Walking through the Land of the Giant Sequoia Trees
In honor of America’s National Park Week starting this Saturday (April 21-29) and Earth Day on April 22, it’s all about one of the most incredible natural wonders on the planet – the giant sequoia trees this week. Considered the largest trees on earth, it’s hard to put into perspective their immensity until they’re actually seen in person.
Monarch sequoias have huge, cylindrical, reddish-brown trunks with their evergreen leaves on top. These trees grow naturally in altitudes between 5,000- 7,000 feet (1.5 – 2.1 km) in a particular climate and on the western slopes of the Sierra Nevada Mountain range. They have thrived for thousands of years and grow in groves at Sequoia, King’s Canyon and Yosemite National Parks in the central California region. During every visit, we stand there in awe and feel so infinitely small in this land of giants.
How big do these sequoias get? The largest of the trees are as tall as an average 26-story building with its trunk base diameters spanning wider than most city streets. Its upward growth usually stops at 275 feet (84 m) but its trunk thickens, gaining more mass during its lifetime.
The General Grant, officially known as America’s Christmas tree, is the widest of the sequoias. It would take about 20 people holding hands to form a circle around its base. Its height of 268 feet (81.7 m) makes it the third largest tree in the world and has been around for 1,700 years.
The star of the sequoias though is the General Sherman tree. This is considered the largest tree in the world by volume. It rises at a height of 275 feet (84 m) with a circumference of 83 feet (25.2 m). It is also among the oldest with an estimated age of at least 2,000 years old.
One of the best analogies I’ve read to put the size of this massive tree into perspective is this: “Looking up at the General Sherman tree for a 6 foot tall human is about the equivalent of a mouse looking up at a 6 foot tall human!”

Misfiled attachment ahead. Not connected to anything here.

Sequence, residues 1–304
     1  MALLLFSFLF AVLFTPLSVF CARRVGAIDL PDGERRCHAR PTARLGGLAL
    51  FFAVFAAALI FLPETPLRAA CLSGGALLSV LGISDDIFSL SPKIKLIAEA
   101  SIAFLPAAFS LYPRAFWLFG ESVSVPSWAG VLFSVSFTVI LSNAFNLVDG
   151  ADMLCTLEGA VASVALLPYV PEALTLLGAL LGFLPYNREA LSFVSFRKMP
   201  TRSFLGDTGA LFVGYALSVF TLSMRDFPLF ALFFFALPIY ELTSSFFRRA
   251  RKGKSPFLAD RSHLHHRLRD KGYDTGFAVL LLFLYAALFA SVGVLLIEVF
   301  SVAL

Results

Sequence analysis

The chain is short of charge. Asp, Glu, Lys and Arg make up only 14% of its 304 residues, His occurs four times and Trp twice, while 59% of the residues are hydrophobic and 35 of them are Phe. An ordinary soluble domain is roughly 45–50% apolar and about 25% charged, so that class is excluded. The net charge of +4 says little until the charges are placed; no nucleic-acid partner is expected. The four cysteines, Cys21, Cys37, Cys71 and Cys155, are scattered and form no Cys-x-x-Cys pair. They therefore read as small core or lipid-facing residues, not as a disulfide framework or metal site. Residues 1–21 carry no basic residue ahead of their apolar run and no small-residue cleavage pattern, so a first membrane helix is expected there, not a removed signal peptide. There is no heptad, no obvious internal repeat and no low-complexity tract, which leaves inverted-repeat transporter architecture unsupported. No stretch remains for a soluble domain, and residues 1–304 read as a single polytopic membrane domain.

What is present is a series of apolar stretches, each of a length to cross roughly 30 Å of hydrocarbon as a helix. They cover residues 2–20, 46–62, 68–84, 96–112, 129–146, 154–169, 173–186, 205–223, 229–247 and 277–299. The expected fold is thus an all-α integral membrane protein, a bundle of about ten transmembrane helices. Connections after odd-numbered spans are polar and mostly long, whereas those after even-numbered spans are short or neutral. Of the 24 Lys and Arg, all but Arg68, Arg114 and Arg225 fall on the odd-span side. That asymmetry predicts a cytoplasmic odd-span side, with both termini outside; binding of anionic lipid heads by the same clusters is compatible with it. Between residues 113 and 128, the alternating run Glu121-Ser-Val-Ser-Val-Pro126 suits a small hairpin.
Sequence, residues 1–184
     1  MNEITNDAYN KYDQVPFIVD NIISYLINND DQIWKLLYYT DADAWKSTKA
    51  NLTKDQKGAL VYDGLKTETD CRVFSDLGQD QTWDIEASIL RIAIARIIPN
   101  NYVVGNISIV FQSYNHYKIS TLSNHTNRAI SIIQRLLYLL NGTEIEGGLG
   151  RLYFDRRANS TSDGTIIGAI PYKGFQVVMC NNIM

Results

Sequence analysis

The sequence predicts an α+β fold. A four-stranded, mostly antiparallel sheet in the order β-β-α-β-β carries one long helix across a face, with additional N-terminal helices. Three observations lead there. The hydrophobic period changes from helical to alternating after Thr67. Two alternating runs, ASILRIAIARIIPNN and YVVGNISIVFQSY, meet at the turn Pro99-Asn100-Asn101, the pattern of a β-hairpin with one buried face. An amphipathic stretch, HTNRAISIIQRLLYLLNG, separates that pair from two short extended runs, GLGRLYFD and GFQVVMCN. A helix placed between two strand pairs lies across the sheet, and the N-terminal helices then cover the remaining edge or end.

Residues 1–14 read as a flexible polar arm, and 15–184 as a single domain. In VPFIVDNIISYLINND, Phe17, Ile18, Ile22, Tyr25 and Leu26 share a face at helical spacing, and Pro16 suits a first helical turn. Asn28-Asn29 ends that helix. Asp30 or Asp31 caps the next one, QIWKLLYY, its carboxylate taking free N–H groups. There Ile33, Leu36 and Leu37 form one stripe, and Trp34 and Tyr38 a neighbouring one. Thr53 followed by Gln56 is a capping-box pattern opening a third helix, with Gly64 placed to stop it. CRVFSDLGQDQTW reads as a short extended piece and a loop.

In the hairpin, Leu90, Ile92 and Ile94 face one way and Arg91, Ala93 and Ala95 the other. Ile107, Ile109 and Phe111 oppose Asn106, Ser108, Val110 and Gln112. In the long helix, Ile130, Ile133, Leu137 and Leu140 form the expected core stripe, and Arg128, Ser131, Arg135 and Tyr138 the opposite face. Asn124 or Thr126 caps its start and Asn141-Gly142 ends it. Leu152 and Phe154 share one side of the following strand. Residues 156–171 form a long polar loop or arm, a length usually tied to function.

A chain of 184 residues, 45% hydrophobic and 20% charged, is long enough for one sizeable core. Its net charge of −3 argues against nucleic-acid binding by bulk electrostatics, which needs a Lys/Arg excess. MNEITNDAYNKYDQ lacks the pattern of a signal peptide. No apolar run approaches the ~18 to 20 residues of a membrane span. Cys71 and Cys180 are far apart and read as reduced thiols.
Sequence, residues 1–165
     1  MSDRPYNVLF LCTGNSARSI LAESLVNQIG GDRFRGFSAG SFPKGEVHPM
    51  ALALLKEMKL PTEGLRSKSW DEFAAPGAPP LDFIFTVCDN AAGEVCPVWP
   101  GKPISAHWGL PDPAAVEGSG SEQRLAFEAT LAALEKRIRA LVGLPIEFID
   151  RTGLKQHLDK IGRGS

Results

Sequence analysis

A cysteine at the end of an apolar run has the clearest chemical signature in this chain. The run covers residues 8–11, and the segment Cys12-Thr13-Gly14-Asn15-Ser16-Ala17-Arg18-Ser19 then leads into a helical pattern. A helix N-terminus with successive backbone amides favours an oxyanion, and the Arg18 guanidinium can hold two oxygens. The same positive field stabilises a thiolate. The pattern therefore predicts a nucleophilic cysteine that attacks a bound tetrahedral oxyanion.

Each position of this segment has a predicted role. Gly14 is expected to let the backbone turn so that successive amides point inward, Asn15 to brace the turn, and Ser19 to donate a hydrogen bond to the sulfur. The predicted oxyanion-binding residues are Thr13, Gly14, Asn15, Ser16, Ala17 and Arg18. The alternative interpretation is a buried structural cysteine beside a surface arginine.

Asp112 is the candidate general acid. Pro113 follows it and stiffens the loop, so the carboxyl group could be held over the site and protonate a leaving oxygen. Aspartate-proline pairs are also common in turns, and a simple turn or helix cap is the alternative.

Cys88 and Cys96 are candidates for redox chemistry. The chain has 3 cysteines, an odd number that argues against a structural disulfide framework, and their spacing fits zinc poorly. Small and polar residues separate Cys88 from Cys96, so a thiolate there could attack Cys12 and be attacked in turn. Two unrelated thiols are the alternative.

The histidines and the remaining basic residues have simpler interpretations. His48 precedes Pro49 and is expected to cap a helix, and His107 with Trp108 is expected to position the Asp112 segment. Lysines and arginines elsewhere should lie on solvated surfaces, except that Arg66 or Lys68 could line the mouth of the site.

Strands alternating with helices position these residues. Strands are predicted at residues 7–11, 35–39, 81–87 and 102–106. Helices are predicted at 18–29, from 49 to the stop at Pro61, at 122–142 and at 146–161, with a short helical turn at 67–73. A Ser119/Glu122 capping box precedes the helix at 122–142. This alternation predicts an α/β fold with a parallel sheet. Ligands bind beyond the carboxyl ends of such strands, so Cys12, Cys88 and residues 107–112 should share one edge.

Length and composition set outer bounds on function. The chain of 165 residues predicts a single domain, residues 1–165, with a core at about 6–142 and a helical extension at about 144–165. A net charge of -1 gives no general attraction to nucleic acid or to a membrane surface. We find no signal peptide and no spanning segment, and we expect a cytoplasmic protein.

Sequoias are also known for being resilient and endure many threatening natural forces. Its bark is flame retardant protecting mature trees from fire damage as well as from fungi disease and insects. Their main cause of death or toppling is their very shallow root system which is unable to withstand all the tree’s weight as it matures.
Another interesting fact about sequoias is that it needs fire to grow. A fire’s intense heat is the only agent that enables pine cones to release their seeds. Fires also clear out accumulated excess brush and other trees allowing the new seedlings to get ample sunlight and bare soil to flourish.
The parks had exhibits of fallen trees to see its interior. This living museum is a wonderful way to learn more about them. It’s hard to believe how these trees can be so old yet so gigantic.
You can even walk through fallen trees at Sequoia National Park through a small pathway. Of course, this was a popular place for the visitors and especially kids.
This Fallen Monarch tree at King’s Canyon National Park is used as an actual walkway through a hollowed out sequoia. It has been here unchanged for over 100 years. Unfortunately, wasps were fairly common around the trunk area.
Then, there are those fallen trees where we can drive through like the tunnel log at Sequoia National Park. This tree fell in 1937 and the tunnel was carved out at 8 ft (2.4 m) high and 17 ft (5.1 m) wide. My kids thought this was so cool they wanted to keep driving through it over and over again.
We love coming to these National Parks for their wonderful trails and stunning scenery. It’s hard to imagine that these trees started out as seedlings thousands of years ago. We were amazed at how they have grown and withstood so much – fires, drought, etc. – yet continue to flourish here. Many generations have marveled at these giant trees and I hope they’ll be around for many more years for future generations to appreciate.
*Have you visited and marveled at these giant sequoia trees?
- Sequoia National Park with Kids
- King’s Canyon National Park with Kids
- Yosemite’s Tioga Pass: The Road Less Traveled
- National Parks Page